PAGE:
Cease Failure: Rethinking seven years of failing policies in Gaza

Hundreds of thousands of people in Gaza fled the bombing. When families returned to Shujaiya in eastern Gaza during a brief 12 hour pause, many found their homes completely destroyed (July 2014). Iyad al Baba/Oxfam

Unless long-term solutions are found to ensure economic growth and sustainable development in Gaza, frequent military escalations will only continue, increasing insecurity for Israelis and Palestinians alike.

The most recent escalation of violence in Gaza and southern Israel has come at terrible human cost. More than 1,500 civilians in Gaza, and six in Israel, have been killed. Over 100,000 Palestinians have been left homeless and vital civilian infrastructure worth billions of dollars has been destroyed in Gaza. The recent ceasefire announcement is certainly a welcome one, but is only the first step on a long road toward lasting peace.

Unless long-term solutions are found to ensure economic growth and sustainable development in Gaza, frequent military escalations will only continue, increasing insecurity for Israelis and Palestinians alike. The Israeli government’s implementation of a policy of separation – politically and physically isolating Gaza from the West Bank – has resulted in the fragmentation of the Occupied Palestinian Territory (OPT) and is a major obstacle to the chances of lasting peace.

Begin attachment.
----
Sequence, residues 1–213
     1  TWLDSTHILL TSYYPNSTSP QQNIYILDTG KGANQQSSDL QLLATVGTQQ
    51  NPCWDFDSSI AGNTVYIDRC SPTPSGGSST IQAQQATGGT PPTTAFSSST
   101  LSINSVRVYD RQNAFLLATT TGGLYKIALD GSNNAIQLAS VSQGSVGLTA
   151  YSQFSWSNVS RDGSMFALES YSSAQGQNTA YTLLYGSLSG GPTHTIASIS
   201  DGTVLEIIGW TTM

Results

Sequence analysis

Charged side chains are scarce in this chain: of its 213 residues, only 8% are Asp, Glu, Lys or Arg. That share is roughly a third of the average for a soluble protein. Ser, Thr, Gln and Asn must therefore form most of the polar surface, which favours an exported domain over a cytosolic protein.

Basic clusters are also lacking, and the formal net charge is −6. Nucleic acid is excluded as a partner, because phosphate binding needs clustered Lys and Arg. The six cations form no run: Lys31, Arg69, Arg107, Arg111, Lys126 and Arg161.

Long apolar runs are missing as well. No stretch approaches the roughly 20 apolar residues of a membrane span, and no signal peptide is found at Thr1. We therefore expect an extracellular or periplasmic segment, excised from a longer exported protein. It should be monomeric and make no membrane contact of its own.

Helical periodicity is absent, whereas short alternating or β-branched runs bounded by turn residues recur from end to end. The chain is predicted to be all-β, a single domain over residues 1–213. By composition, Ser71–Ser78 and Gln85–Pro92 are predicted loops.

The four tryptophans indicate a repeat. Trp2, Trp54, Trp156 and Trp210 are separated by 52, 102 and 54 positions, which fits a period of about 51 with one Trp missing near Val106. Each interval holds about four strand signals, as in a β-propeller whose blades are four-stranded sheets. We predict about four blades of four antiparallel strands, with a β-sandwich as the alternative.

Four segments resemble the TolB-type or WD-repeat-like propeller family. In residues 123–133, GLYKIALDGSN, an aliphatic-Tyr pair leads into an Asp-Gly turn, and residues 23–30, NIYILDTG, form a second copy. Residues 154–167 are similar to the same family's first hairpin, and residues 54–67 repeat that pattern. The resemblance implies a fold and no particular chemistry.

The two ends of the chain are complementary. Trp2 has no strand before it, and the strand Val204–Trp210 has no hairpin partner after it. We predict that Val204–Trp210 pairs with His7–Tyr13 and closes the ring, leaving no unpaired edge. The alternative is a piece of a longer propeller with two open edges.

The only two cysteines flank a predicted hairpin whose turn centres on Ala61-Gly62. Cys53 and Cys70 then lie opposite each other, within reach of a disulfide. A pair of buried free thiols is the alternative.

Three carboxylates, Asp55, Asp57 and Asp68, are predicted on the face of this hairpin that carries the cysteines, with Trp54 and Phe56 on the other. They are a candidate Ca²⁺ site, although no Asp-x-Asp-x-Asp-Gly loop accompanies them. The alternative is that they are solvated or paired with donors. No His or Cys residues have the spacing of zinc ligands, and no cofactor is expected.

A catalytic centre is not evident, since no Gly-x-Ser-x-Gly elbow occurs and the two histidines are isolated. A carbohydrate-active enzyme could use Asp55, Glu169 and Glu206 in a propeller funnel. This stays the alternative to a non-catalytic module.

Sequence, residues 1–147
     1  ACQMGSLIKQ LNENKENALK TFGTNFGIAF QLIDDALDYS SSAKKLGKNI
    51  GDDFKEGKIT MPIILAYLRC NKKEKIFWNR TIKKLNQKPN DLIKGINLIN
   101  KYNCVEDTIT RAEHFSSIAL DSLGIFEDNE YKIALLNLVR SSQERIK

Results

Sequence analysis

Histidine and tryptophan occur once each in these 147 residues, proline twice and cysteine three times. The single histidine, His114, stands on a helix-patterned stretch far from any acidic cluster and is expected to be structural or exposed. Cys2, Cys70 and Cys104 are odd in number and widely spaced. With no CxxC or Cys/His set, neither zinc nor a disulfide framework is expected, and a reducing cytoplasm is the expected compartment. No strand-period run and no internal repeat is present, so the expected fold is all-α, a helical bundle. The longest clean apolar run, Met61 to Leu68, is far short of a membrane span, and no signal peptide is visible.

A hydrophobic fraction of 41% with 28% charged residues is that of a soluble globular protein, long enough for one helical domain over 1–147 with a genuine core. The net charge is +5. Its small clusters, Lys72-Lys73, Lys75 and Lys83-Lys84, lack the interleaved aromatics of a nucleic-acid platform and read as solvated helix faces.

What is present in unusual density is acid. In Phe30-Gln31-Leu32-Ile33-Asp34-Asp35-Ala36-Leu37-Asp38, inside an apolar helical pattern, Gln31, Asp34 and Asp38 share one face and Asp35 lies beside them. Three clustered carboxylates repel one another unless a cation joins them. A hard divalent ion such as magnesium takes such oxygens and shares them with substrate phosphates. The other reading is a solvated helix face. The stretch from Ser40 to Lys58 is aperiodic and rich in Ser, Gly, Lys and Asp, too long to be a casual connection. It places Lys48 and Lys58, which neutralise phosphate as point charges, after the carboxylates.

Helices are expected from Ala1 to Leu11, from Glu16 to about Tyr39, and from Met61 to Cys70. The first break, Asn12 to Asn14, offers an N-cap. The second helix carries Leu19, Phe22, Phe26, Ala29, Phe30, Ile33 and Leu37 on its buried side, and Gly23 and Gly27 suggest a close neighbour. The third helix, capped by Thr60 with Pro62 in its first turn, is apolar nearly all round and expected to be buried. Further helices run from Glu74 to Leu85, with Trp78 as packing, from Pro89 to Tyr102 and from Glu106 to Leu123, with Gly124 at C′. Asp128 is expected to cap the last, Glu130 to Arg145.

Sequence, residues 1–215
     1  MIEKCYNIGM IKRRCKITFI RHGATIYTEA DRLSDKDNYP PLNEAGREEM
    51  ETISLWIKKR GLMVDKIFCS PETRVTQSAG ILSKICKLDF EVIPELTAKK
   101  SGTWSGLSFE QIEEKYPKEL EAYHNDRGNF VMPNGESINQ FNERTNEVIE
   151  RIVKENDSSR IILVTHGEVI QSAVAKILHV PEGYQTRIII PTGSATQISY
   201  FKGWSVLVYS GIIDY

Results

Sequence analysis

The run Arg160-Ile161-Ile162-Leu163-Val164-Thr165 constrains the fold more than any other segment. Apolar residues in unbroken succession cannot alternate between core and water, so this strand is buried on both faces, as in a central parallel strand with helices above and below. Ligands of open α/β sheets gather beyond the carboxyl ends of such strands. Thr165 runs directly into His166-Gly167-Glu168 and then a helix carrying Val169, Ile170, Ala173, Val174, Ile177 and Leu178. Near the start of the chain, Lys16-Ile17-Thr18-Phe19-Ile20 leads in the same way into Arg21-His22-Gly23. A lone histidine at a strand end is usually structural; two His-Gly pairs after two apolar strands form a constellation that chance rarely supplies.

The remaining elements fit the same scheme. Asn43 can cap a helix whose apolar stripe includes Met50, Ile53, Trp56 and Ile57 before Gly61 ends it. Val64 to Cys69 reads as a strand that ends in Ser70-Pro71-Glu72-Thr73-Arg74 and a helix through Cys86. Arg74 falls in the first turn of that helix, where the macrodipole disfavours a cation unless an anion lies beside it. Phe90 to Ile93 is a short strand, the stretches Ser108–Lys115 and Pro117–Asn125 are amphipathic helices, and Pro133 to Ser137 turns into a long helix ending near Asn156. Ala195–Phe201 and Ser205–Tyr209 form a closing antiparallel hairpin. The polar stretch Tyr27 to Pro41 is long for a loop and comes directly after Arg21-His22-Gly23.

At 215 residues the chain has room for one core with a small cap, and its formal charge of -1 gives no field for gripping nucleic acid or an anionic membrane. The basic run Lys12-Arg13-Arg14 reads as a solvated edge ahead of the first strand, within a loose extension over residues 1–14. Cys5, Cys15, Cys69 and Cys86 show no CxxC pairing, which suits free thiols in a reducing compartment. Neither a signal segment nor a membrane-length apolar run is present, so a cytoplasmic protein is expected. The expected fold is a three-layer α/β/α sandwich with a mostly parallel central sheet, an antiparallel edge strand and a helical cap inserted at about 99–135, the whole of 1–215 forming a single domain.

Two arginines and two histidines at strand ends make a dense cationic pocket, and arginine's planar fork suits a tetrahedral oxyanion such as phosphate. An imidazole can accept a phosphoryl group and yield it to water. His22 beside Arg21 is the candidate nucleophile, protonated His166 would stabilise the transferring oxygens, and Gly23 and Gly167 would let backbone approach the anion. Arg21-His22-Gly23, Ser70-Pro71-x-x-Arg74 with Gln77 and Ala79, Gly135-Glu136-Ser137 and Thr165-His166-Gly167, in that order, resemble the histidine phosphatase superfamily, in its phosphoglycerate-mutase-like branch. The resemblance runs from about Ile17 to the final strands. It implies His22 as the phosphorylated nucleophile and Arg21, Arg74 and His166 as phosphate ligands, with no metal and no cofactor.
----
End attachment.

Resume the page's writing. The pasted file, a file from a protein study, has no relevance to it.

The conflict between Palestinians and Israelis requires a long-term political solution that begins with a lasting ceasefire, continues with the end of the blockade of Gaza, and ends with a negotiated peace based on international law.

Cease Failure 

Cease Failure
Rethinking seven years of failing policies in Gaza

Cease Failure Cease Failure
Summary
Publication Date: 
August 2014
Publication Author: 
Lani Frerichs (Oxfam Novib), David Andrés Viñas (Oxfam GB) and Nicola Bay (Oxfam Novib)